If you've walked, jogged and hiked this far without any major knee trouble, there's more you can do than thank your lucky stars. A few basic steps can help you protect your knees as you age.
A Baker's cyst, also known as a popliteal cyst, is a sac of fluid that forms behind the knee.
A new “artificial meniscus” is being hailed as a less painful and less complicated way to perform knee surgery.
A stiff knee is a common complaint, especially among older adults and those who are very physically active.
You've tried nearly everything for your worn-out knee. But the remaining possibilities may include some risky options.
A dislocation of the kneecap occurs when the patella comes completely out of its groove on the end of the thigh bone (femur), and comes to rest on the outside of the knee joint. Kneecap dislocations usually occur as a significant injury the first time the injury occurs, but the kneecap may dislocate much more easily thereafter.
Chondromalacia patellae is a term used to describe the damage or softening of the cartilage on the underside of the kneecap. It is similar to patellofemoral pain syndrome (runner's knee) in which the pain is felt under and around the kneecap. This condition is common among young athletics but may also occur in older adults who have arthritis of the knee.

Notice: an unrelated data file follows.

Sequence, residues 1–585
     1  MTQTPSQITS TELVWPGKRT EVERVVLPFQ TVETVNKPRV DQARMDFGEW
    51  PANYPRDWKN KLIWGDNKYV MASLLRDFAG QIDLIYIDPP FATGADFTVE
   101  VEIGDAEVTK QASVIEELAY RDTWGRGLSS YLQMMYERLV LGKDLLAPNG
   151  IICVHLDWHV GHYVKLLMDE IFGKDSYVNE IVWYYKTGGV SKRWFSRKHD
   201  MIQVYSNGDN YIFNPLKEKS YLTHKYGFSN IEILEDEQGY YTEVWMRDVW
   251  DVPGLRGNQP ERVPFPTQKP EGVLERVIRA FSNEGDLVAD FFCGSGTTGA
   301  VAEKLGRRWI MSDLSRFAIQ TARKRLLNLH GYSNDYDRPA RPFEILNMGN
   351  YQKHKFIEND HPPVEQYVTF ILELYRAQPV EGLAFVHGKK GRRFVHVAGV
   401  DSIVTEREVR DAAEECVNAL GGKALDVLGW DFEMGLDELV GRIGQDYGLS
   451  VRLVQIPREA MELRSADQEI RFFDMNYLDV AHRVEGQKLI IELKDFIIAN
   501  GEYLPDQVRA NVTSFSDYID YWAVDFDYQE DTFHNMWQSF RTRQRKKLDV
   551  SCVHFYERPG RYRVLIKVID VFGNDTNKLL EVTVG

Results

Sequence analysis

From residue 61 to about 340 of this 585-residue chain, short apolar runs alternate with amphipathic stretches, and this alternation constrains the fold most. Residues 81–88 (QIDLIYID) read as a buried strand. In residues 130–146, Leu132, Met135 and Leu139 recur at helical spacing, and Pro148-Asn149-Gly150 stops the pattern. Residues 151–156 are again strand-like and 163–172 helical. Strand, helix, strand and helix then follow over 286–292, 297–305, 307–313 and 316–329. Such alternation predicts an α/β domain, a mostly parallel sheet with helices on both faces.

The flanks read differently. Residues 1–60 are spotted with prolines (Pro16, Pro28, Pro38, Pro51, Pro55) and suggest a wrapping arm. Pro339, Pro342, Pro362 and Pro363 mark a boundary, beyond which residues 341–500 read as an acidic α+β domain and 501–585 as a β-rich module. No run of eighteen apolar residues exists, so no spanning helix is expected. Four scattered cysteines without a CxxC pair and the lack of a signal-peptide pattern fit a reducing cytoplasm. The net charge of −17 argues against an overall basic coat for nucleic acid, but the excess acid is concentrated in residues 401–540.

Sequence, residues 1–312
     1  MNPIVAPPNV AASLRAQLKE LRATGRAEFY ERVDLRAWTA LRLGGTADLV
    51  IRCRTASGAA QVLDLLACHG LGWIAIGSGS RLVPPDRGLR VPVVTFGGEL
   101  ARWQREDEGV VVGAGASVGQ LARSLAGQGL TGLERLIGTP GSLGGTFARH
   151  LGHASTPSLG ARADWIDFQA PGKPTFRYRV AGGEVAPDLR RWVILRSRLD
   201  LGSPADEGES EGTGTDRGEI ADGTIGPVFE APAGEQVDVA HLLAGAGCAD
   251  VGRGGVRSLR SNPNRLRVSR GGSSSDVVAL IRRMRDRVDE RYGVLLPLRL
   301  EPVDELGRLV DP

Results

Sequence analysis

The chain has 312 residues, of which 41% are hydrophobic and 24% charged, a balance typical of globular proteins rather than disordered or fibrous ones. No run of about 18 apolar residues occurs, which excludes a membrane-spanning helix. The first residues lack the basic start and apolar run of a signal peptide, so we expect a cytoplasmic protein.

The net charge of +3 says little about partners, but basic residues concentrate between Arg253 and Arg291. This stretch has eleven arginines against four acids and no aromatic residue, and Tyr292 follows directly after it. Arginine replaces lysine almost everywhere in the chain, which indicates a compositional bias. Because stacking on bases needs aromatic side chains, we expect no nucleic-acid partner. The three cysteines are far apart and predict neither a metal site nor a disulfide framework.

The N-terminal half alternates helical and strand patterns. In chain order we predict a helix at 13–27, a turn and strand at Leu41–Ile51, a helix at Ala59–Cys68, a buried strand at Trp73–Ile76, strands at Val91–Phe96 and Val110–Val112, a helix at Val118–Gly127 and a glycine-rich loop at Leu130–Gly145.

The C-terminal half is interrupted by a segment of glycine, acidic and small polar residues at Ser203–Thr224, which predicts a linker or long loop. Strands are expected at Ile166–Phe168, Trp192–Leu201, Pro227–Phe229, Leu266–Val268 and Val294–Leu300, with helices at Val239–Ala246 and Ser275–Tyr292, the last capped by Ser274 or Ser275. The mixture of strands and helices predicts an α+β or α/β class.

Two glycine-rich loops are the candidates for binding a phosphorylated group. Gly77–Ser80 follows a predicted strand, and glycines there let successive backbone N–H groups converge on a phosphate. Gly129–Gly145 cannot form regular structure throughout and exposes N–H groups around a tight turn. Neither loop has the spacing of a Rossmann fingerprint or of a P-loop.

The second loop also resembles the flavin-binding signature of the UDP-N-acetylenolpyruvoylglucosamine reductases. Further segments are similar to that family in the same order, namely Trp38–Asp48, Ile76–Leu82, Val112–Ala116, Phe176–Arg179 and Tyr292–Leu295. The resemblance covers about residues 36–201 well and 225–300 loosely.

The knees are prone to injury and degeneration. Both can lead to locked knee, which is where a person cannot bend or straighten their knee.
The medial collateral ligament (MCL) on the inner side of the knee is most often torn when there is a force that strikes the outside of the knee. The MCL attempts to resist widening of the joint and tears if the force is too great.
Having weak quads not only can diminish your knee’s function, but research shows it also may put you at risk for knee cartilage loss, the hallmark trait of knee osteoarthritis.